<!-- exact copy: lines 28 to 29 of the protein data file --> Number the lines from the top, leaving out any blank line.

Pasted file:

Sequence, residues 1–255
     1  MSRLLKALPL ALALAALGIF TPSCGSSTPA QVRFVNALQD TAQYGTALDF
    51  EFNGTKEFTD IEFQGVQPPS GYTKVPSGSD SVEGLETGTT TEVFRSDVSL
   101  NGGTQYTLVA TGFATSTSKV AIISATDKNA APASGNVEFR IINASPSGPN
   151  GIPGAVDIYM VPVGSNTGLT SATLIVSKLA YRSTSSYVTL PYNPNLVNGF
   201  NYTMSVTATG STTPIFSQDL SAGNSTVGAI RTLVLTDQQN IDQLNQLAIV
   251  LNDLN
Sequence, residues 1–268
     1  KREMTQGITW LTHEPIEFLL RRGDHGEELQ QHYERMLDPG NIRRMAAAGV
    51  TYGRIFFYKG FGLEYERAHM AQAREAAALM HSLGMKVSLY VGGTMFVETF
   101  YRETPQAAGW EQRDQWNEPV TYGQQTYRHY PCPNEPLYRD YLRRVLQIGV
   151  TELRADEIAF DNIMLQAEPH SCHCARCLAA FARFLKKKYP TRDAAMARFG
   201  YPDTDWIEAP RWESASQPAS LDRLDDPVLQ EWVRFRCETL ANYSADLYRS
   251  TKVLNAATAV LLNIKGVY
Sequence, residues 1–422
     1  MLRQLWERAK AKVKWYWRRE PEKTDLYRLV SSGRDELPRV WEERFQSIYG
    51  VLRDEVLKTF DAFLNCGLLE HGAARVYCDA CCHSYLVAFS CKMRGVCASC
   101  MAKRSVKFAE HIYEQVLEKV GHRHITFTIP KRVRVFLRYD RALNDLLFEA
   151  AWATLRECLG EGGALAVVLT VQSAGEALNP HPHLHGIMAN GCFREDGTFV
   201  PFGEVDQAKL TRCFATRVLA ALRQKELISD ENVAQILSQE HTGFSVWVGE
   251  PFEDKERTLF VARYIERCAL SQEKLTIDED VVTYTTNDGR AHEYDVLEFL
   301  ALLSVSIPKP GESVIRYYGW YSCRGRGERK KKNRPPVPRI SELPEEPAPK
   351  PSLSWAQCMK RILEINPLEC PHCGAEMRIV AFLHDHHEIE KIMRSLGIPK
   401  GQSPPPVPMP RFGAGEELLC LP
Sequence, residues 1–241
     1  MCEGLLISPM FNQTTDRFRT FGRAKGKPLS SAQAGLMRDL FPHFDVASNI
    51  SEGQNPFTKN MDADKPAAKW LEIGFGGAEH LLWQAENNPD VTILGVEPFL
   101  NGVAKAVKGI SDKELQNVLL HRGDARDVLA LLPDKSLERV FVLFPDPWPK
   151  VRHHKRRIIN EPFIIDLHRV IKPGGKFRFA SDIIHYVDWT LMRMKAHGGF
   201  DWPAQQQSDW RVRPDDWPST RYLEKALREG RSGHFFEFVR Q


   101  NGVAKAVKGI SDKELQNVLL HRGDARDVLA LLPDKSLERV FVLFPDPWPK
   151  VRHHKRRIIN EPFIIDLHRV IKPGGKFRFA SDIIHYVDWT LMRMKAHGGF